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Beschreibung des Verlags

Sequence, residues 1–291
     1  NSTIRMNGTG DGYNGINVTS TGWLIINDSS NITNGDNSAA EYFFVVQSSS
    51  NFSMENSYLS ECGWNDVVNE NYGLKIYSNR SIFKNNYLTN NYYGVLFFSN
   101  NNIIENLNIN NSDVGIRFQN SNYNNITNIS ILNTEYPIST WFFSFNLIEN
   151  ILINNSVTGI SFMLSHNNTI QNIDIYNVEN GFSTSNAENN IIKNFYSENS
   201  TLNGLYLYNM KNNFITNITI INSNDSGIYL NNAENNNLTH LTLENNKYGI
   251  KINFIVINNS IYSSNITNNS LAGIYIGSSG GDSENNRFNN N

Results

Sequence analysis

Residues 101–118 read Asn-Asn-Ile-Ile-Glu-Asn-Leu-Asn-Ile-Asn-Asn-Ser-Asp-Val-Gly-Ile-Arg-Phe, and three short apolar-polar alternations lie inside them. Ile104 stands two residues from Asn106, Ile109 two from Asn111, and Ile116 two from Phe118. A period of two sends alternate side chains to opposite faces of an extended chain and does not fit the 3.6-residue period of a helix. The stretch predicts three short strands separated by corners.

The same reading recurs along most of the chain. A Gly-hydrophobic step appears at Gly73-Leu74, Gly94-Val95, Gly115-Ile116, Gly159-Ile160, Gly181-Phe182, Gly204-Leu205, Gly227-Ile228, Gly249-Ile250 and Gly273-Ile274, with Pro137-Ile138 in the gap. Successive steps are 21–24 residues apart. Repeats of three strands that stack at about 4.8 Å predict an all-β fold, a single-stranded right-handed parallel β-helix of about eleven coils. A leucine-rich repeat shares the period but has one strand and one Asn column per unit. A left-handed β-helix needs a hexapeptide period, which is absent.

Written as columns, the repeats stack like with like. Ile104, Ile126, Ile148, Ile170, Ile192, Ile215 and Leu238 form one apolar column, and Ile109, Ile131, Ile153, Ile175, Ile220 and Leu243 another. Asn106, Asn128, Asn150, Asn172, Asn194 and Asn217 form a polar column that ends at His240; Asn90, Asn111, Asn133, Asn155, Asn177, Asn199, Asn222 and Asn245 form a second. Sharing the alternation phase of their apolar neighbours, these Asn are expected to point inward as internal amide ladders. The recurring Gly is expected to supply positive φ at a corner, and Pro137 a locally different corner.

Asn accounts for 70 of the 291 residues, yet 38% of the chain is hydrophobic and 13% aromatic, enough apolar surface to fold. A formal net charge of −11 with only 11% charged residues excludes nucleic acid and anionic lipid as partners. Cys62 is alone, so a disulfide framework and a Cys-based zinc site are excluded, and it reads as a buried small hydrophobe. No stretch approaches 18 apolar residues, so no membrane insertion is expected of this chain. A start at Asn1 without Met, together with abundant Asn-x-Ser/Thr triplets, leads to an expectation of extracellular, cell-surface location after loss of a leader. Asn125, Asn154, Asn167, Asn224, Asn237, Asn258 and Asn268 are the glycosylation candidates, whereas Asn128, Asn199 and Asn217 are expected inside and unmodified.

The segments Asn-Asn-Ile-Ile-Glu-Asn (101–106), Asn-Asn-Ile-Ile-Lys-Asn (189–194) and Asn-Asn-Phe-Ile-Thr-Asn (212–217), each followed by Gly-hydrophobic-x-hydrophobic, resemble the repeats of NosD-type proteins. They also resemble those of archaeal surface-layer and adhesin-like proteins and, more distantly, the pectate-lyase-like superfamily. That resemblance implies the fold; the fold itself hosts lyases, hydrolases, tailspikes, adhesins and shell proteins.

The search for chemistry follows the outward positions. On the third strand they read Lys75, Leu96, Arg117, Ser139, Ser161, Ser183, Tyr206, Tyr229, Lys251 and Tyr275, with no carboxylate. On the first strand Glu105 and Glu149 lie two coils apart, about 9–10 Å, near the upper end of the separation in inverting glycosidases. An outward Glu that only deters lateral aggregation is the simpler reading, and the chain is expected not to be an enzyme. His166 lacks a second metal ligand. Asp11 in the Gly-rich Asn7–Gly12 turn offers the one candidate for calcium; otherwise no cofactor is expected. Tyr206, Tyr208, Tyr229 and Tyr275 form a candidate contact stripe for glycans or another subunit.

This special issue of Kritika presents seven articles on the transnational and cultural history of communism in the Soviet Union and East Central Europe. Three of them center on the USSR, two on East Germany, one on Czechoslovakia, and one on Poland. Long gone are the days when Russia and Eastern Europe were regularly studied in tandem and formed part of a more or less coherent area studies field. Since the breakup of the communist bloc two decades ago, in 1989, the Russian and East European fields have grown far enough apart that the direct cross-fertilization present in this collection is now something of a rarity. To be sure, geopolitics was an even worse academic organizer during the Cold War than it is now, and it made little sense then for East European studies to be so exclusively linked to the Russian field. At the same time, current politics and the configuration of academic fields should not be allowed to handicap the study of the past. It is now far less likely for Russianists to be versed in East European historiography, and vice versa; the dislocation is particularly meaningful for the communist period, when, of course, the histories of the two regions were most closely intertwined. Even in Germany, where the institutionalized field of Osteuropa incorporates Russia into the concept of Eastern Europe, the history of the GDR is commonly studied either within a German-German framework or with surprisingly insufficient reference to directly related Soviet historiography. The impresario behind the series of "Imagining the West" conferences and workshops that produced these synergistic articles, Gyorgy Peteri, began his initiatives to bring specialists on Soviet and East European communism together in the early 1990s, precisely when geopolitical and institutional imperatives pushed the two fields apart. (1) A second notable feature of the articles contained in this number of the journal is that they reflect and further what has sometimes been called the transnational turn. Much as this rather awkward buzzword (and the declaration of yet another "turn") can serve to obscure historiographical continuities and the interconnections among various approaches, the case can be made that the mode of historical inquiry represented in this issue is distinguishable and significant. Transnational history crosses over national borders to address phenomena potentially different from those conventionally brought out in the study of international organizations, relations among states, and comparative history. The transnational is frequently understood to signify the movement of groups, goods, technology, or people across national borders; and in this definition the accent is on movement transcending the borders of the nation-state. (2) Yet in the study of communism, the received boundaries that need to be transcended are not necessarily those of the nation-state but of the Iron Curtain, or more precisely the often relentlessly internalist narratives that arose to study Stalinism. The study of communist societies thus offers something distinctive to transnational history. In this set of articles, the emphasis falls not so much on movement itself (which was often restricted). Rather, it is on grasping the many dimensions of particular types of interaction with the outside world--those with the "West," at once the gold standard for advanced development and a hostile order soon to be, if not in many ways already, surpassed.